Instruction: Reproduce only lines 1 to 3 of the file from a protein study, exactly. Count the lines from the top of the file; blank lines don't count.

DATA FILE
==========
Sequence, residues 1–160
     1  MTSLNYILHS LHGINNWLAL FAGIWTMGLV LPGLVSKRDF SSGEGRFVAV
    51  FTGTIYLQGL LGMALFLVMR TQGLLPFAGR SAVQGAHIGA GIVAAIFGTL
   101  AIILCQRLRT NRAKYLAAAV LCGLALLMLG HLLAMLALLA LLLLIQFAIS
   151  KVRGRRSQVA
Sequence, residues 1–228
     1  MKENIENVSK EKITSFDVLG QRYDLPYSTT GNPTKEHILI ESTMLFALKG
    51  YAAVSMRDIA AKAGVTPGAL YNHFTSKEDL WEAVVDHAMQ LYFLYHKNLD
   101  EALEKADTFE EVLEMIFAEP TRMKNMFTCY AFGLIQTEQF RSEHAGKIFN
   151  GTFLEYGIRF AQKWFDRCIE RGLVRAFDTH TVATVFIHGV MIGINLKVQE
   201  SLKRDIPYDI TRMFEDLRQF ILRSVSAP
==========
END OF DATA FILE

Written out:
Sequence, residues 1–160
     1  MTSLNYILHS LHGINNWLAL FAGIWTMGLV LPGLVSKRDF SSGEGRFVAV
    51  FTGTIYLQGL LGMALFLVMR TQGLLPFAGR SAVQGAHIGA GIVAAIFGTL